How To Prepare Your Boat For The Next Big Storm

It’s not always fun in the sun for Houston’s boat owners and, in the event of another major flood, many of those boats could be out doing rescues


To embed this piece of audio in your site, please use this code:

<iframe src="" style="height: 115px; width: 100%;"></iframe>

Hundreds of boat owners fanned out over the Houston region to rescue people from Harvey's floodwaters. One of those was Mark Kuchera, general manager of Houston's Premiere Boating Center.

Kuchera spent several long days doing rescues in north Harris County where he picked up flood victims in his 16-foot duck boat. He said the water was so high they were pulling people out of second-story windows. He also had an encounter with a very large submerged object.

"It was getting dark and I saw two silver things, and I'm like, what is that?" said Kuchera. "I had just went between two smokestacks of an eighteen-wheeler."

We met Kuchera at the Houston Summer Boat Show, where many people are shopping to replace boats that were lost in Harvey's floods. Some owners saw their boats crushed by floodwaters that engulfed boathouses. Other boats sunk or simply floated away.

Kuchera said he has gotten questions from some prospective customers about how to outfit a boat for rescues in the event of another big storm.

"Most of the best boats I saw doing water rescues were aluminum-style boats," added Kuchera. "A good, 16-to-22 foot aluminum boat, it can take a lot of abuse if you were to hit a mailbox or something like that without doing damage."

And Kuchera said it's also good to have some extra safety equipment on hand.

"I normally only have enough life jackets in the boat for how many people I know are going on the boat with me. But when you see people that are wading in water, not sure of where they're going, it's just real helpful to be able to chunk them a life jacket," said Kuchera. "I probably lost four life jackets and I don't care because that person needed that life jacket a whole lot worse than I did."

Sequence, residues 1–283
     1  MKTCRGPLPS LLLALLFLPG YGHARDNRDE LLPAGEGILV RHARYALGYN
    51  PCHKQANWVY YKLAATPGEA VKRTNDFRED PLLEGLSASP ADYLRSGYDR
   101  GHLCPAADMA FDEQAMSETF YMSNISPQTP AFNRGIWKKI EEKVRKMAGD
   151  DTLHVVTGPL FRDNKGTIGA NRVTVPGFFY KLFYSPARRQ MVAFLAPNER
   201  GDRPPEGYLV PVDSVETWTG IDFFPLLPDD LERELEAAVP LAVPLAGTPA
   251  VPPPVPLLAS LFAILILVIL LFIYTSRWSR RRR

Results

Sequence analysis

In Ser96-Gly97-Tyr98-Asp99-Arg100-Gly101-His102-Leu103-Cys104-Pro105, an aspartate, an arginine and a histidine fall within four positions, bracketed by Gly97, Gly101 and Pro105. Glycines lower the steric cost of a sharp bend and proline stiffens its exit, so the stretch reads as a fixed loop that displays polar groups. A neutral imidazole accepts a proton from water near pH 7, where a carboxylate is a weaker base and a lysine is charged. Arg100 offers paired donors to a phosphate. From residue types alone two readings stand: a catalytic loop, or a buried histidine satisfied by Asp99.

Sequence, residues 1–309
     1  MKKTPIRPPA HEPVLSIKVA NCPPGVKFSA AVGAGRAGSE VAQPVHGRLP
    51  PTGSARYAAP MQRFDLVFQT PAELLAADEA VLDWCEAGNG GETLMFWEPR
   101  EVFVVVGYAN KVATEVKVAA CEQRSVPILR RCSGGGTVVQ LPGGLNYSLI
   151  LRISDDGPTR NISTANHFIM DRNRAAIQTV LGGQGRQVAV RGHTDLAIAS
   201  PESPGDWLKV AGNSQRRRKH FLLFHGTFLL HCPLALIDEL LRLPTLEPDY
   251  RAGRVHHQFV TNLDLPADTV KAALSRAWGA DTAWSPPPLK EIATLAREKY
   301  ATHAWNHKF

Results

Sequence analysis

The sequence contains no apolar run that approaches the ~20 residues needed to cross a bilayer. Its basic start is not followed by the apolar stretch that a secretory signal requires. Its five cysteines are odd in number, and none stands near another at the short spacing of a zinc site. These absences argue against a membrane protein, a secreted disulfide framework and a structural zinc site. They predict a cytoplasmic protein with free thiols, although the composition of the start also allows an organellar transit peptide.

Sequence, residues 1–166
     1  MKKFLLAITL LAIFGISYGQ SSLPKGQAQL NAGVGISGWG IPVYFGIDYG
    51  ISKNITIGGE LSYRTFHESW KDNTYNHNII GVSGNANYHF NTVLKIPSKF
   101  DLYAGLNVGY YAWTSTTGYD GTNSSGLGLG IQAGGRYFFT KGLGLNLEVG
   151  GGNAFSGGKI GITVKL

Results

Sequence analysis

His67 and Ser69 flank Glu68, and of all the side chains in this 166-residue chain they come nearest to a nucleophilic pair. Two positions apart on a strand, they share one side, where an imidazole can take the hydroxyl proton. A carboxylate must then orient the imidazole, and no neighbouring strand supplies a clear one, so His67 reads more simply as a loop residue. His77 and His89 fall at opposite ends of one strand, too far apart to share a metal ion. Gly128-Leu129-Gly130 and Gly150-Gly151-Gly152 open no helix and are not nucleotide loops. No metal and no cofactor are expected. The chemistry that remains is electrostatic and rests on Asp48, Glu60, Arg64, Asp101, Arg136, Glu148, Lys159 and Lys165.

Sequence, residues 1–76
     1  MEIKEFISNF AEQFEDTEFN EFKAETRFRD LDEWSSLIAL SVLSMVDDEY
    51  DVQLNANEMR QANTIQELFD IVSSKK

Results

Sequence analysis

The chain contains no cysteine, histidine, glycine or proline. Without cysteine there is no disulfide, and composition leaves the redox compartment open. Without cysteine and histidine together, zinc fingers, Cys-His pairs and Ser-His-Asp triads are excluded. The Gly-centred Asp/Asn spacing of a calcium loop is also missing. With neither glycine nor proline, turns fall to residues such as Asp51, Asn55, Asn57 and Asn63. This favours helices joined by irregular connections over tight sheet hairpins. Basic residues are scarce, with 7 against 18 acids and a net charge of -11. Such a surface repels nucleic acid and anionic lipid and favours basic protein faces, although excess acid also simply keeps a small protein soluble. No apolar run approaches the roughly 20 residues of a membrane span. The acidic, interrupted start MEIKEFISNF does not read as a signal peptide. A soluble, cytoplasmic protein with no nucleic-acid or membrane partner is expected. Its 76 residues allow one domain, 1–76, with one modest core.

We also got some recommendations from David Christian of LMC Marine Center in Houston. He said if you're looking for something for rescues, consider a boat that doesn't sit too deep in the water.

"Most of your fishing boats, saltwater fishing boats, are designed to work in shallow water," explained Christian. "It also happens to be what you need to float down a street."

As for what you want to put on the boat, Christian said a spotlight and GPS are helpful for night rescues. A hydraulic jack plate can protect your outboard motor in shallow water. And something as simple as a long rod or stick can help you determine the depth of the water in unfamiliar places.

But whatever you have on hand, Christian says being ready to help is the most important thing.

"The good news is, having a boat is 90 percent of it."

The Houston Summer Boat Show runs through Sunday at NRG Center.


Gail Delaughter

Gail Delaughter

Transportation Reporter

From early-morning interviews with commuters to walks through muddy construction sites, Gail covers all aspects of getting around Houston. That includes walking, driving, cycling, taking the bus, and occasionally flying. Before she became transportation reporter in 2011, Gail hosted weekend programs for Houston Public Media. She's also covered courts in...

More Information